As the summer goes on and different versions of the poster keep popping up, people become more and more unsettled and on edge.  Copycats proliferate. The entire town is on edge and soon this leads to tragedy.

I really enjoyed this story about the power of subversive art.  Frankie and Zeke were very real characters, dealing with their own problems and their own lives even as the thing they started blows up to be far bigger than both of them.  

It's also a book about the power of an unsolved mystery and the lengths people might go to to find the truth.  And how that truth can be both bigger and less meaningful than you might ever have thought.

The book is also very funny...

So I'd definitely recommend it.

But don't just listen to me.  Here's the blurb:

From the New York Times bestselling author of Nothing to See Here comes an exuberant, bighearted novel about two teenage misfits who spectacularly collide one fateful summer, and the art they make that changes their lives forever.

Sixteen-year-old Frankie Budge—aspiring writer, indifferent student, offbeat loner—is determined to make it through yet another sad summer in Coalfield, Tennessee, when she meets Zeke, a talented artist who has just moved into his grandmother’s unhappy house and who is as lonely and awkward as Frankie is. Romantic and creative sparks begin to fly, and when the two jointly make an unsigned poster, shot through with an enigmatic phrase, it becomes unforgettable to anyone who sees it. The edge is a shantytown filled with gold seekers. We are fugitives, and the law is skinny with hunger for us.

The posters begin appearing everywhere, and people wonder who is behind them. Satanists, kidnappers—the rumors won’t stop, and soon the mystery has dangerous repercussions that spread far beyond the town. The art that brought Frankie and Zeke together now threatens to tear them apart.

Twenty years later, Frances Eleanor Budge—famous author, mom to a wonderful daughter, wife to a loving husband—gets a call that threatens to upend everything: a journalist named Mazzy Brower is writing a story about the Coalfield Panic of 1996. Might Frances know something about that? And will what she knows destroy the life she’s so carefully built?

A bold coming-of-age story, written with Kevin Wilson’s trademark wit and blazing prose, Now Is Not The Time to Panic is a nuanced exploration of young love, identity, and the power of art. It’s also about the secrets that haunt us—and, ultimately, what the truth will set free.

Sunday, February 11, 2024

Weekly Goals 12-2-24

 With this being the last week before we start actual production on the Festival, once again my goals are all largely work-related - as they will be until mid-March now.  I'm going to be too busy for anything else.

This week I want to make sure all the ticketing is done, apart from any last-minute things that might come through, and I want to make sure we have everything set up and in place for the two functions we're hosting during the Festival.  We're struggling a little with having enough staff over the opening weekend, so I may have to shuffle a few people around to make sure we have the right people in the right places at the times we need them.  It would be very useful to have a clone or two at this point as there is one day I'm looking at working across three venues from 7am until 11pm.  

Luckily, after the opening weekend, things are much calmer and easier to manage.

What are your goals this week?

Friday, February 9, 2024

Celebrate the Small Things 9-2-24


It's the end of the week, so it's time to Celebrate the Small Things...

What am I celebrating this week?

I'm not sure I am celebrating this week.  I've been so snowed under at work, I haven't had the chance to think much about anything else.  I'm hoping to get a day off over the weekend, but I'm not sure that's going to be possible.  We'll see how much I can get done on Saturday afternoon.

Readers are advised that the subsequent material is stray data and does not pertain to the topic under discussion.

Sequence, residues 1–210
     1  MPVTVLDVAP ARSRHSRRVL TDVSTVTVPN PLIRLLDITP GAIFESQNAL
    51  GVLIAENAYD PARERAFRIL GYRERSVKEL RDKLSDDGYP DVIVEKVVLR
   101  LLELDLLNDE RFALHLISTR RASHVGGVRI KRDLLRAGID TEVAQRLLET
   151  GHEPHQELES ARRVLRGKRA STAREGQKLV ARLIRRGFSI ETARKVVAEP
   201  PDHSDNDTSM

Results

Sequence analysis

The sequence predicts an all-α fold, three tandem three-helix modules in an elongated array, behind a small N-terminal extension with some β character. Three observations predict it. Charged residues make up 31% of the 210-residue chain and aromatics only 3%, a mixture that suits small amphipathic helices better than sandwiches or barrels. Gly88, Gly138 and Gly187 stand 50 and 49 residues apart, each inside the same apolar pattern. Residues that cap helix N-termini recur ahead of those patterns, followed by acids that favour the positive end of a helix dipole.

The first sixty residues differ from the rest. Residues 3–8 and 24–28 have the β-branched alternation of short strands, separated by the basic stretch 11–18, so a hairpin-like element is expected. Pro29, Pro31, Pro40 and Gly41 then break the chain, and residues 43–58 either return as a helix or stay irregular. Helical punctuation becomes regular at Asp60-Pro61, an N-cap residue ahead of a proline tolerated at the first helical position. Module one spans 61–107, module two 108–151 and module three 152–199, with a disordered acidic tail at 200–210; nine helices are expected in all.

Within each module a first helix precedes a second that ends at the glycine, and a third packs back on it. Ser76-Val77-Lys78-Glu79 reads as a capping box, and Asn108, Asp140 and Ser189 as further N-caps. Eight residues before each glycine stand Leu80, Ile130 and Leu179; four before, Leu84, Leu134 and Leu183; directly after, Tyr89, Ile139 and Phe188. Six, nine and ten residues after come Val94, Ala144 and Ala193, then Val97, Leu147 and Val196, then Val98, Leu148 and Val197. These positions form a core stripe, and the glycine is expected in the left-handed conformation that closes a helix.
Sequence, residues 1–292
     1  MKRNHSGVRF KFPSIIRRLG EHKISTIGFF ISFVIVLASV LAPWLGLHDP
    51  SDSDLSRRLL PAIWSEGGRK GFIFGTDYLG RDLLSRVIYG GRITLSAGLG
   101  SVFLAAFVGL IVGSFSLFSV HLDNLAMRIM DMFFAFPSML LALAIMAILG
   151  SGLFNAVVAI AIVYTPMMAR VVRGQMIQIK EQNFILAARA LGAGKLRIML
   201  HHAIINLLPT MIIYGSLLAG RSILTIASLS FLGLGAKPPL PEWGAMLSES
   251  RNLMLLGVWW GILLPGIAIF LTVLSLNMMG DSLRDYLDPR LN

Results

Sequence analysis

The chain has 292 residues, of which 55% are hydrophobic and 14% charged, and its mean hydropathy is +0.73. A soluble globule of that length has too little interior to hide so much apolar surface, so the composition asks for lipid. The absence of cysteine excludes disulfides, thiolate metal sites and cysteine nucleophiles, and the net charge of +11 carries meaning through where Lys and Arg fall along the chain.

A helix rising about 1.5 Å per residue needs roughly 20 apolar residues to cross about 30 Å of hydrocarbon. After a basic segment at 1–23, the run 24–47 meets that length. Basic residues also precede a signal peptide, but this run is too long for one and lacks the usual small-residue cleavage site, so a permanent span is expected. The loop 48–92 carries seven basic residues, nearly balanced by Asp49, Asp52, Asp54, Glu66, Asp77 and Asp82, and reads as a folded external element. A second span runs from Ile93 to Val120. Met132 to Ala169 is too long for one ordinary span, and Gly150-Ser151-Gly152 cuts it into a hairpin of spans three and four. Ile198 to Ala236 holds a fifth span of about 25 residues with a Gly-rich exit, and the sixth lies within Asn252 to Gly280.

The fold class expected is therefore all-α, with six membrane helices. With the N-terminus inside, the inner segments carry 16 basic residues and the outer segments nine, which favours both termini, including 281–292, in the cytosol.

I've had a few more query rejections and am starting to wonder if maybe I need to do some work on the query to see if I can make it more compelling.  I'm not quite at the number I usually advise people to start tweaking at, but it seems like things have changed a bit since I was last querying. But that's going to have to wait until after the Festival.

What are you celebrating this week?

Tuesday, February 6, 2024

IWSG: February 2024

 It's the first Wednesday of the month, so it's time for the Insecure Writers Support Group!

The awesome co-hosts for the February 7 posting of the IWSG are Janet Alcorn, SE White, Victoria Marie Lees, and Cathrina Constantine!

This month's question is a good one...

What turns you off when visiting an author's website/blog? Lack of information? A drone of negativity? Little mention of author's books? Constant mention of books?

For me, the bigger turn off is not really about the content so much as the design.  So many writer blogs are built in Blogger templates (my own included) that have been customised by the author in really terrible ways.  Coloured fonts on coloured backgrounds are one of my biggest peeves.  If you want someone to read your blog, make it easy to read.  if I visit a blog and find the text in purple on a lime green background, I'm not going to stick around long enough to know if your content is good or not.

The other thing that bugs me is people who try to do too much in a single post.  If you're doing an author interview, do that in one post.  If you're talking about a bookstore visit, make that a single post.  If you're reviewing a book you read, make that a single post.  Some bloggers seem to like to post once a week and stuff everything into one long, confusing, rambling mess.  

If you have that much to talk about, maybe post more often.  You can still do the work one a week, just schedule those posts for different days so readers aren't faced with scrolling endlessly down the screen looking for the part of the post that they're interested in.

If you've got an author website, make sure your contact details are on there.  It doesn't matter if you're published or not.  If someone wants to get hold of you, make sure that information is there for them. If I'm looking for an author to feature in an article or interview, if I can't find a way to contact them easily, I'm going to move on, regardless of how much I enjoy the content on their blog, or their books.

I could keep going, but this is getting long, and maybe rambly, so I'll stop before I become my own pet peeve...

What do you dislike about blogs and websites you visit?